While the United States and its allies started to view the Soviet Union as an emerging communist threat, the Soviets had also soured on their alliance with the West.

The USSR had suffered catastrophic casualties during World War II. The country had lost 11 million soldiers and suffered between 7 million and 20 million civilian casualties. The Soviet economy was also struggling. Beyond spending $125 billion on wartime efforts, the USSR’s economy had simultaneously shrunk by 20 percent between 1941 and 1945. The USSR had sacrificed both manpower and resources to defeat Nazi Germany, and it was sorely in need of financial assistance during post-war reconstruction.

The United States was willing to offer the Soviets financial aid under The Marshall Plan, but the USSR wasn’t happy with the stipulations. First, the plan offered aid to Germany, which Russia disagreed with. The USSR, which now occupied Eastern Germany, wanted total control over whatever funds Germany received as part of The Marshall Plan. Second, The Marshall Plan required countries that accepted aid to adopt elements of democratic governance, including instituting principles of a free market economy.

Stalin suspected—and rightly so—that The Marshall Plan was designed to weaken the USSR’s hold on the newly-acquired Eastern Bloc countries and, in turn, stymie communist expansion. As a consequence, Stalin required the Eastern Bloc nations, which were devastated by the war, to reject The Marshall Plan and instead instituted The Molotov Plan, which pledged to rebuild Eastern Europe.

This tension led to both sides drawing a line in the sand. The Soviets and the United States positioned themselves on opposite sides of an ideological battle between communism and democracy, which marked the beginning of The Cold War.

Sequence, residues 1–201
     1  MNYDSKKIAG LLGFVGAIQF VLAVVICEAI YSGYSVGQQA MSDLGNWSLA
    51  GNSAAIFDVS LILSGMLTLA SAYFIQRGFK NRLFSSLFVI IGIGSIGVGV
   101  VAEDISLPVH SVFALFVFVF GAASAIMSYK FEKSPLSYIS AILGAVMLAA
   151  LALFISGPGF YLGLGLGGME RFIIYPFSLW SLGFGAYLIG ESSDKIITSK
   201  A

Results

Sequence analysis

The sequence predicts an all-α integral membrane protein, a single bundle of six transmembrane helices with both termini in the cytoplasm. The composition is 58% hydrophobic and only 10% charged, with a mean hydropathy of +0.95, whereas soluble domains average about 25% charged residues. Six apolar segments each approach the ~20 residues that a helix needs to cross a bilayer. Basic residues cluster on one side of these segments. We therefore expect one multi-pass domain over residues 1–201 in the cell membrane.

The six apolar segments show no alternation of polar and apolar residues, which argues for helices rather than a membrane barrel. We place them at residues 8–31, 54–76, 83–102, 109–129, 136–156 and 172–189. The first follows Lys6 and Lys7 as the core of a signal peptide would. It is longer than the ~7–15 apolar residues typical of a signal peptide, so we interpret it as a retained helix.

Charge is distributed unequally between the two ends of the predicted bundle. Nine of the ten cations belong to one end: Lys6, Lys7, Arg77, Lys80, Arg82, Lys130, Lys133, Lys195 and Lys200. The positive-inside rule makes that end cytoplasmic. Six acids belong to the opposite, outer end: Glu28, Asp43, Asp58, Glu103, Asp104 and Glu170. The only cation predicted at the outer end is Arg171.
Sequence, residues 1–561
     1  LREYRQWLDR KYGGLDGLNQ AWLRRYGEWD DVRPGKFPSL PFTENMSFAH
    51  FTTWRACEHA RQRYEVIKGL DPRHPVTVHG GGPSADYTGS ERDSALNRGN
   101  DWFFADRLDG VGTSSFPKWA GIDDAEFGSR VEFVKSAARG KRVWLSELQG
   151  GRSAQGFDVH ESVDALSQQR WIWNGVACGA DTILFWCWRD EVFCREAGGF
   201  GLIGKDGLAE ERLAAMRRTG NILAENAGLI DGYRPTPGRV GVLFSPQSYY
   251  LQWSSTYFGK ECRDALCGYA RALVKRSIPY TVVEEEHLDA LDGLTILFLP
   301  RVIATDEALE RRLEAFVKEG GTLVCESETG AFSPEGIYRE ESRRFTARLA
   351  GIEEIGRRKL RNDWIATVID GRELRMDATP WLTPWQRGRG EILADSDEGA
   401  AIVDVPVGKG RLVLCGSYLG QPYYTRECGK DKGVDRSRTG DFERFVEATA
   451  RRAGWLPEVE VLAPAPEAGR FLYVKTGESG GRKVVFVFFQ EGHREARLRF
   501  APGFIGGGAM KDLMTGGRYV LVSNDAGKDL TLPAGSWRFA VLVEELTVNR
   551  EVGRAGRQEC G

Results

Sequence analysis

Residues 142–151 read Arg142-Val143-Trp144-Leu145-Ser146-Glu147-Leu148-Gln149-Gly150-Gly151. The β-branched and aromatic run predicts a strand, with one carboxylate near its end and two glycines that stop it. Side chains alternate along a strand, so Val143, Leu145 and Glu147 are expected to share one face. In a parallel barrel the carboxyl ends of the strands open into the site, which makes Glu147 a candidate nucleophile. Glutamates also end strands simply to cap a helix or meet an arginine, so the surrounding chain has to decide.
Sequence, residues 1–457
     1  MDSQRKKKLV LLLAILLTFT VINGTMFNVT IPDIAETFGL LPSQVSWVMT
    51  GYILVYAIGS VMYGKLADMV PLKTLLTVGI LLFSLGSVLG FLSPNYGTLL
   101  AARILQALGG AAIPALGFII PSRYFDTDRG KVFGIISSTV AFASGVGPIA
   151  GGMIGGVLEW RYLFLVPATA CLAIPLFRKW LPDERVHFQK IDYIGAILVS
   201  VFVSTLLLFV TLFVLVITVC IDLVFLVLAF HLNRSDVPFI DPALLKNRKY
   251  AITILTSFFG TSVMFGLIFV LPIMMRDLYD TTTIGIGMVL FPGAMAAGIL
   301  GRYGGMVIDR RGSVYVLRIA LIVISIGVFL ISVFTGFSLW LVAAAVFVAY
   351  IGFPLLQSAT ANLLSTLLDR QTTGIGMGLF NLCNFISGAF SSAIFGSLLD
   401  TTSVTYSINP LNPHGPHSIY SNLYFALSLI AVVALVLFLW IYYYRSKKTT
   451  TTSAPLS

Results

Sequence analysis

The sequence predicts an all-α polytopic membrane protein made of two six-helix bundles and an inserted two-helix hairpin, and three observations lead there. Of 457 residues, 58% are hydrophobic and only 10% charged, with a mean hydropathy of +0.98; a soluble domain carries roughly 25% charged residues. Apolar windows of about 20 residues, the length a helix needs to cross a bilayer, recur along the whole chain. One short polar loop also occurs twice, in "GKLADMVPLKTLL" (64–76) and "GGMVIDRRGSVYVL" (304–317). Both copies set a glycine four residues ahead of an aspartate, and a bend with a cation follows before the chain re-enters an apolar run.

body-nato-treaty-authentication-certificateThis is the NATO Authentication certificate that all signatories received after signing the North Atlantic Treaty in 1949. Archive/U.S. Diplomacy Center

 

Signing the North Atlantic Treaty

The writing was on the wall: the Allied powers had defeated one totalitarian enemy only to suspect that another in the form of Soviet Russia was waiting on their doorstep.

The United States feared the outbreak of another major war as tensions with the USSR escalated, and President Harry S. Truman believed that a strong political alliance was critical in containing the Soviet threat. As a result, Truman called for the formation of a defensive alliance of countries bordering the North Atlantic. The foundational idea behind this alliance was to serve as a deterrent against the USSR’s expansion into Western Europe.

To do this, the signing nations agreed to a system of mutual defense. If one country was attacked by an outside power (like the USSR), it would be perceived as an attack against all of the alliance’s member nations. That would allow the United States to step in and help its democratic allies beat back a Soviet incursion, which in turn would prevent the encroachment of communism into Western Europe. This alliance was formalized with the signing of the North Atlantic Treaty in Washington D.C. on April 4, 1949. These 12 originating countries, all of which were part of the Allied forces during World War II, created the North Atlantic Treaty Organization, or NATO.